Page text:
❉ Former BBC Visual Effects Assistant Peter Logan talks exploding babies, bishops and orchestras….
Peter Logan was assigned by BBC Visual Effects Designer John Horton to work on several filmed items for ‘Monty Python’s Flying Circus’ in 1970 and 1971 as a Visual Effects Assistant. Here, he kindly takes time to share some memories of his contributions to the sketches…
‘The Bishop’ (Series 2, Show 5)
“I was assigned by John Horton to make a bishop’s crozier light up and become a telephone for the Bishop sketch. The brief for the crozier was to produce a realistic staff which would stand up to knocks and still be able to detach to make it look like he was on a phone, this was my first job as an assistant on a proper programme so I had to make an impression.
“The head of the crozier was constructed from sections of a cheap standard lamp and lamp bracket purchased in Shepherds Bush Market (where most of our props were bought) and glued together with a wire running through to the bulb at the tip and joined by a PO plug at the other end. A socket connected to a battery and push switch in the staff completed the whole effect but with only one prop it had to be repaired a few times! The exploding pulpit and baby doll were down to John Horton. The baby was my mutilation of a doll from the market with a spring clip and ‘gubbings’ inside.”
‘Man Powered Flight’ (Series 2, Show 2)
“I will never forget the cyclist sketch, going down the cliff face of Beachy Head on the Birling Gap. Wearing a harness I was fixed to a cable that stretched back from the cliff face the same distance down, you get the idea, it was a hot day and I was in shorts and the stinging nettles had to be endured. When all was set up (on the beach) I had to run back across the top, warning walkers to avoid the wire, then on a cue from the walkie talkie (which I was also carrying) I had to run as fast as I could to the cliff edge and hope I could stop in time. The bike and dummy were fixed to two parallel wires hanging off a scaffold and pulley vertically down the cliff. Having proved my competence on the previous sketch, John Horton basically left me to it while he sat on the beach and enjoyed the results.”
‘How Not To Be Seen’ (Series 2, Show 11)
“The actual explosions were ‘soft’ flashes where artists were in close proximity otherwise it was a cut shot with the explosion in place of the artist. In those days loud explosions were tolerated by the nearby residents – not like the action taken when I did my bit on Brainiac at Pinewood! At that time, I was not allowed to wire up pyrotechnics but I was in charge of the firing box and laying out the firing lines. I think the explosions with the bushes were done in the woods behind Pinewood but I can’t be certain.”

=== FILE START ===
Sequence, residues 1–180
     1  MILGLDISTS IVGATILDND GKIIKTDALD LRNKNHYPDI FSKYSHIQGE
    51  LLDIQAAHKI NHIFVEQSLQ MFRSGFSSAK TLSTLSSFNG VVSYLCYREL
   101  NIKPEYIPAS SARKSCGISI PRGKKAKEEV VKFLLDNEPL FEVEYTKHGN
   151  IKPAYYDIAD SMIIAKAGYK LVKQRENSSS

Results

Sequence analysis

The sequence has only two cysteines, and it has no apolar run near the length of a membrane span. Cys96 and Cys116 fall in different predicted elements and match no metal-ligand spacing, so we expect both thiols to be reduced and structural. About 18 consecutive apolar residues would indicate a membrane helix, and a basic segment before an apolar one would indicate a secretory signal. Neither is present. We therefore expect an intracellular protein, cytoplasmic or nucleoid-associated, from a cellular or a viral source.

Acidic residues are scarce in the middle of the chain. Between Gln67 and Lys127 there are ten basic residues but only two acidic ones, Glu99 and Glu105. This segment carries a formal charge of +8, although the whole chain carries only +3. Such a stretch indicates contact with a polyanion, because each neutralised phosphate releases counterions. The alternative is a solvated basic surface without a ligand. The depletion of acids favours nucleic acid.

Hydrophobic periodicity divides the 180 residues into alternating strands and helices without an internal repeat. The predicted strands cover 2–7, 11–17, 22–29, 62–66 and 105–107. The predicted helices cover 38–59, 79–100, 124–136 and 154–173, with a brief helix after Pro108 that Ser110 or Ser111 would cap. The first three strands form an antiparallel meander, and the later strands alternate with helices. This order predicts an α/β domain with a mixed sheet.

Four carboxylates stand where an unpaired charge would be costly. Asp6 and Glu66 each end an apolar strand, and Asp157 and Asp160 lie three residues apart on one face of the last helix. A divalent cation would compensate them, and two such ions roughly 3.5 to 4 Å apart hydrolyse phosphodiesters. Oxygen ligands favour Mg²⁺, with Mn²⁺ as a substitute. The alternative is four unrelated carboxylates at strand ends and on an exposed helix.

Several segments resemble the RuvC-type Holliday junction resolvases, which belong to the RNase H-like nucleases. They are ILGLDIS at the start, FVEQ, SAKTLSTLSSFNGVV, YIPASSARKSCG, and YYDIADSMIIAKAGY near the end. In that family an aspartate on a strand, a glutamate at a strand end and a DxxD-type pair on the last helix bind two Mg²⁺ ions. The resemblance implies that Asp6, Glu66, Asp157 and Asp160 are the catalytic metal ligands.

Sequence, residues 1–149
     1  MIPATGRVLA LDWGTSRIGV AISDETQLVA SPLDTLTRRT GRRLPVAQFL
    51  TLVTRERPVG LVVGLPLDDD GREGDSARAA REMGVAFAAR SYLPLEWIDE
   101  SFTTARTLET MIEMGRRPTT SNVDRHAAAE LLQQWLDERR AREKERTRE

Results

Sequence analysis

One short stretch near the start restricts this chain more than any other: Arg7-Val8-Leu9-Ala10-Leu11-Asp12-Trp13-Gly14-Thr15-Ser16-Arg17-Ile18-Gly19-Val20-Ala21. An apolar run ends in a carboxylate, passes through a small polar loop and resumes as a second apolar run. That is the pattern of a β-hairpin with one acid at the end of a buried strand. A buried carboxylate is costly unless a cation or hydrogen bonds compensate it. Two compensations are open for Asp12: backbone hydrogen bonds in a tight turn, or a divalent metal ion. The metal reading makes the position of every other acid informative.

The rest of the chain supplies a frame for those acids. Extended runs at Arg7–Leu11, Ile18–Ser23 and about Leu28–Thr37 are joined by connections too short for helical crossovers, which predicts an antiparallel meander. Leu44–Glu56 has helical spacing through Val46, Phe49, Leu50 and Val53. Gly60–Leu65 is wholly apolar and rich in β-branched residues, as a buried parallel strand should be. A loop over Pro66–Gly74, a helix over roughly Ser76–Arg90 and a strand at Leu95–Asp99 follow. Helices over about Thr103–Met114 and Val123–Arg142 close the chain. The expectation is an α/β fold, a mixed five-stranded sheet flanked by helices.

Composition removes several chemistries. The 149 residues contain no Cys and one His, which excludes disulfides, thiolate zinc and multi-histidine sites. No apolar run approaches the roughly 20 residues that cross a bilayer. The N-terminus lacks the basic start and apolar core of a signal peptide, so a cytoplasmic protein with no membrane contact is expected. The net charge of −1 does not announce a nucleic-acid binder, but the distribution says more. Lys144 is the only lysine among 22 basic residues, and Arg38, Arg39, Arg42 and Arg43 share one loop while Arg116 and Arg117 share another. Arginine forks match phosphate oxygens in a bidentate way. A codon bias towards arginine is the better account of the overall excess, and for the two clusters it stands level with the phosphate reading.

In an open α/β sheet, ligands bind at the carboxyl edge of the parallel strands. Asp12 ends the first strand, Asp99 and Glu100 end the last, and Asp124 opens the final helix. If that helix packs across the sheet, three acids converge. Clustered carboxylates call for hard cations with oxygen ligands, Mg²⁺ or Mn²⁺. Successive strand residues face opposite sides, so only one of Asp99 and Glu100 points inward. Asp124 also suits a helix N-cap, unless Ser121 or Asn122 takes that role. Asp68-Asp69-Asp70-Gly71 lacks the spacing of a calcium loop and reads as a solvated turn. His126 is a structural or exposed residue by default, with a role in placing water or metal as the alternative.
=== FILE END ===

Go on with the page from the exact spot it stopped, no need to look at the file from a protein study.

‘The Exploding Version of the Blue Danube’ (Series 2, Show 13)
“The exploding Blue Danube was another wonderful experience, a very hot day after a field had been cut, and photographic ‘cut-outs’ of ourselves with instruments mounted on plywood with moving arms, were wired up to with explosives on the back and cables attached to the arms to make them move back and forward. On the start of the music over a loudspeaker several of us tugged at the numerous cables to start a rocking motion then John H fired off the explosions in time to the music, the downside of this was at the finish everyone on the team was then in a panic as the pyrotechnics had set fire to the stubble and was in danger of spreading out of control so an emergency beating session began.”
‘Sam Peckinpah’s Salad Days’ (Series 3, Show 10)
“I don’t remember being on the location for the Salad Days sketch but I was involved in making some of the pumps and rigging for the blood. Quite often the major blood effects were fire extinguishers filled with blood and then pressurised with a foot pump, polythene tubes fed to false limbs etc. Lots of these were used as you can guess!”
Keep following We Are Cult for more Monty Python memories, in this, the team’s fiftieth anniversary year…
❉ Editor of WE ARE CULT, James Gent wrote the biography for the official Monty Python website. He also acted as consultant for the documentaries ‘Monty Python: And Now for Something Rather Similar’ (BBC) and ‘Monty Python: The Meaning of Live’ (GOLD). James has also contributed to several acclaimed publications devoted to cult and popular television including 1001 TV Series You Must Watch Before You Die and is the co-editor of ‘Me and The Starman’, coming soon in 2019.